Some types of clothing and certain social situations seem to invite CMNM
(clothed male / naked male) and probably just as often CFNM (clothed female / naked male) behavior. It’s not too surprising that one of those types of clothing is the kilt. Still, there are several other kinds of male attire that sometimes offer the opportunity for spontaneous partially nudity, at time under the guise of freeballing, such include boardshorts, ethnic or traditional clothing (the ‘kilt’ is a Western invention for covering male anatomy), but there are other forms of masculine clothes from Asian, the Middle East, Africa, and Oceania that perform similar functions and which offer similar glimpses.
It always seems that whenever some guy is wearing a kilt — whether formal or informal, he seems to get a lot of attention directed toward what’s under the kilt. By the way, it appears that his male buddies are just as fascinated by what he’s wearing and what he’s not as his women friends are.
I wonder how many other national costumes or traditional clothes allow for freeballing? I’ve spent a lot of time in Japan and a few other countries where the national costume — kimono or yukata (light summer informal kimono with fundoshi (loin cloth)) (at least it remains one of the traditional ways that some people dress –especialy for festivals or typical Japanese cultural events) does make freeballing sort of accepted. As I said in an earlier post (Scottish singer in a kilt), I wonder how many national / native or traditional costumes make it easy (or not) to freeball and perhaps to catch a glimpse. We’ve seen that many guys wearing kilts do not have anything on underneath. I have lived at times in Japan and still have strong connections to it. I find the kimono and in particular the yukata give a great opportunity to freeball.
The traditional kimono, which is really as formal nowadays as a tuxedo and not worn very often at all, does not work out very well for freeballing — mainly because it is worn for ceremonial events and people are not likely to move around much. The kimono is also worn tightly bound and can have several undergarments and belts (obi) so that it is not likely to come open. Damn, it must even be difficult to take a leak or squat to use the bathroom. However, the yukata is quite a bit different. It is a casual summer kimono-like one piece outfit — typically worn for festivals and as night wear / indoor wear at hotsprings resorts and fine hotels.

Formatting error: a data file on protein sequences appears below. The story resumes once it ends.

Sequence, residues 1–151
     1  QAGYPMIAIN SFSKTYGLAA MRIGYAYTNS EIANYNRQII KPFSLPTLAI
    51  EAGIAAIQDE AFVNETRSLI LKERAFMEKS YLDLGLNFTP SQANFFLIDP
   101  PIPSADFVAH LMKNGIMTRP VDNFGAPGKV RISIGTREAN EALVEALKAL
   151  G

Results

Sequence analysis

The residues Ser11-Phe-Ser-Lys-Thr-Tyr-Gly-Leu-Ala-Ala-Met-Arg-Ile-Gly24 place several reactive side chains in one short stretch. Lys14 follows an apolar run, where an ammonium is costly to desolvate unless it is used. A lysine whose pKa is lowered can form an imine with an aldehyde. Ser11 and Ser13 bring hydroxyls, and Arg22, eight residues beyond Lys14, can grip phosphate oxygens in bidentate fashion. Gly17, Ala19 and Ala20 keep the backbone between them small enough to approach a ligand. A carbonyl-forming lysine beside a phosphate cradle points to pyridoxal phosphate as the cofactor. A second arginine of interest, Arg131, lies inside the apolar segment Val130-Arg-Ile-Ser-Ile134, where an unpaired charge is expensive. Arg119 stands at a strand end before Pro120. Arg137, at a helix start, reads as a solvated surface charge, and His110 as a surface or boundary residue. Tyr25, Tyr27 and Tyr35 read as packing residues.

Traditionally, Japanese men (and there are some people who do still) wear the yukata and its shorter version (the happi coat) as casual wear — although mostly it is only during the summer and fall festivals, but a few for daily wear especially during the hot humid summer season. Under the yukata — and sometimes ONLY without even the yukata– is worn the traditional Japanese loincloth called the “fundoshi.” It is not exactly underwear because it can be worn as swimwear or beach wear, as festival gear, and as an undergarment for a yukata (or kimono). Normally, only men wear a fundoshi, but some guys think it is very sexy for women to wear them .. so you sometimes see women in porno wearing a fundoshi. Fundoshi is not really about freeballing — it is a wrap that curls up from behind and under and can even tightly bind your balls, but it certainly does not leave much to the imagination once in place.
There are a couple of styles – -the one for festivals is often twisted into a knotty rope like a thong and rides up the crack of your ass. Other style leave a hanging cover of the front so it’s a bit hard to see the guy’s encased mound of cock and balls, but this flying droop moves and floats around so you do get a view sometimes. I’m not Japanese and don’t have much chance to wear a yukata or fundoshi, but I have an acquaintance in Japan who has been after me to try them. He is a Buddhist priest who is about 35, married with two small children. The place I stay is just next door to the temple so he invariably invites me over when he knows I am in Japan. Perhaps he is just trying to be nice by introducing me to traditional Japanese culture — Japanese are not very big on evangelical Buddhism (although I hear it does exist). On a recent trip to Tokyo, he insisted on measuring me for a yukata and told me he would have onr made for me and then show me how to wear it and we would go to a fireworks festival wearing a yukata. While he was measuring me, he got down on his knees in front of me (apparently in total innocence) but it sure made me wonder. He first had me pull off my trousers and then he measured about my waist and hips while I standing there in a bare of almost mesh semi see-thru boxers.
I had to pull my t-shirt down over the front to conceal what could have been a eyeful of my semi-freeballing. The next day he came running up to me again and wanted to measure me again — he thought he might have made a mistake so it surely did get me to questioning his motives. For now, I will assume he has only my “cross-cultural” education at heart and nothing else. I do have to say that it will be interesting if he wants to teach me how to wear a fundoshi next! There are a few different types of ‘fundoshi’ style (Japanese loincloths). I guess you might say they are more like “freebutting” instead of freeballing, but what the hell, I think they look pretty cool. This photo above shows a guy’s full body tatoo (irezumi) — still quite popular with a certain segment of the Japanese — it was strongly associated with gangsters (yakuza) but less so nowadays.
Notice the twisted rope effect in the crack of his fundoshi — wonder what that feels like — maybe it helps keeps his semi-hard so that the spectators can enjoy the festival “show” even more. You can see different lengths of “happi” coats in this pic– so the fundoshi is not really meant to be covered up — although it can serve as underwear — it is more like a 400 year old Japanese Speedo bikini or gym shorts.